“Poetry is an escape a way out.” Blue notes. Born and raised in the United States He notes the peculiar place he has in this country. As many people may bash and speak ill of this country he has no qualms about the possibilities that can come in the free enterprise society.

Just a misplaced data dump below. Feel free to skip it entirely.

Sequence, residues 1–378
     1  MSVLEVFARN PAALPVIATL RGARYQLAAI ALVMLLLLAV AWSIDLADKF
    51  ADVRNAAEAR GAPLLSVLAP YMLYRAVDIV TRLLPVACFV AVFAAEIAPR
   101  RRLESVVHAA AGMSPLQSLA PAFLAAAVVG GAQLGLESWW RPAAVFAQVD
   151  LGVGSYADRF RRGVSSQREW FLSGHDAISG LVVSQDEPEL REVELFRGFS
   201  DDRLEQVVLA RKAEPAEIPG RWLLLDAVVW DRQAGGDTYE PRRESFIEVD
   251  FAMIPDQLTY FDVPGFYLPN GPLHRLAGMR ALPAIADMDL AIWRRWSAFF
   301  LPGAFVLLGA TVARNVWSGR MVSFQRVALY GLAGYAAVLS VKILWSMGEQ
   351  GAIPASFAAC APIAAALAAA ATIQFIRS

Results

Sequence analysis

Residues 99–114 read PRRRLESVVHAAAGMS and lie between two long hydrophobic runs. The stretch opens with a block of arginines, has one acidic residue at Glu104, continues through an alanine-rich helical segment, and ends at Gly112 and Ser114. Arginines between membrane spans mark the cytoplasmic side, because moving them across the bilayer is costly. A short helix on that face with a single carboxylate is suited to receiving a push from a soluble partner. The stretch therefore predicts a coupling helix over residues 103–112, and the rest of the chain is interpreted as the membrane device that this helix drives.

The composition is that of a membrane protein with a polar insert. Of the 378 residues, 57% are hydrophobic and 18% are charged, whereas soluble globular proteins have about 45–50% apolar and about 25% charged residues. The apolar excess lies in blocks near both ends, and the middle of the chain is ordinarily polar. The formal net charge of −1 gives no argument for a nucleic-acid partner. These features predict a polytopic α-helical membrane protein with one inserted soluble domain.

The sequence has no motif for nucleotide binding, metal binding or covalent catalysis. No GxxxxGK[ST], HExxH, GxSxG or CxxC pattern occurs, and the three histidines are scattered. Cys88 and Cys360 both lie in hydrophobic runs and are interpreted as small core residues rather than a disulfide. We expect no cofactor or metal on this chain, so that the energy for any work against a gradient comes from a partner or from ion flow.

Actually he likes it. Yet even in liking it Blue notes many things he doesn’t like about it. Ever critical, Blue has many things to say and even poets may not like it. “Rap is poetry. Poetry is rap,” Blue started, “In a sense it seems like rap left me behind. I don’t like the culture.” Blue doesn’t see where rappers are going to continue rapping in their mid century years. Poetry is different. Knowing that The Last poets still do poetry Blue sees longevity in this form of art rather vocation because Blue lives of his art. There is no day job other than sales, marketing and promotions of his book,”Corner Stores in the Middle of the Block.” And now “Don’t Beat Your Children Or They’ll Turn Out Like Me.” Not that poetry has been a lifelong dream of his, Blue has done many things from graphic design to boxing to anything other than the widespread classical nine to five job. In 1998 he realized his passion for poetry and moved on it. He saved up some money and printed up his own selection of verses and views and wrapped it black with his image on the cover. Sort of like money is with dead presidents he puts it out and it moves from had to hand and people are buying. The reasoning for his success blue states, “A lot of times (the public) they’re thinking the same thing I’m thinking except they don’t put it on paper. I think I speak for the masses.” Subway cars are filled with all walks of life and Blue with his vocalized observations has mass appeal. The numbers don’t lie. When RO caught up with him, he was fresh out of his first batch of books and waiting on the next shipment. “There’s a Market for poetry,” Blue began, “It has to be thought provoking, it has to be enlightening and has to be comedy also.” Now don’t expect to find him at the local poetry spot. Blue has found there is not much profit in being there. Expressing a bit of disdain Blue notes that poetry has gone mainstream with a “2 drink minimum” and “people at the bar that don’t respect what the poets got to say and can’t be quiet.” In other words they kill the art. Corner stores in the middle of the block is just that. Blue’s words take you through life as anyone who lives in New York City knows it. From the fifty cent cost for 34 cents stamp to that lady on the train you saw that looked so good you had to tell somebody, to staring at the tourists while they watch you from the bus in Harlem or not noticing the tourist staring because you have to watch the ground so not to step into something the dog dropped.. He has observed it, lived it fantasized about it and is writing about it. Funny thing is that you have probably done all the same things with the exception of either saying it or writing it. If you haven’t, maybe you should. He can be found on the bus, train, park, street or block near you or you an email him at www.Poetryisalive.com www.myspace.com/poetryisalive www.myspace.com/bradbathgate Truly a people’s poet, Blue states, “The reality is all to clear and present and is easily placed as beauty sitting on the train to the bad comedy that most brothers use to relate to each other. It is at the same time sad like wanting and not having but realizing someone else has and doesn’t want. Sweet like loving someone and realizing it. Sour like loving someone and realizing it. With “Corner Stores in the Middle of the Block” Blue gets to expound on the everyday in a way that most only think of but never actually go, to tell on the mountain.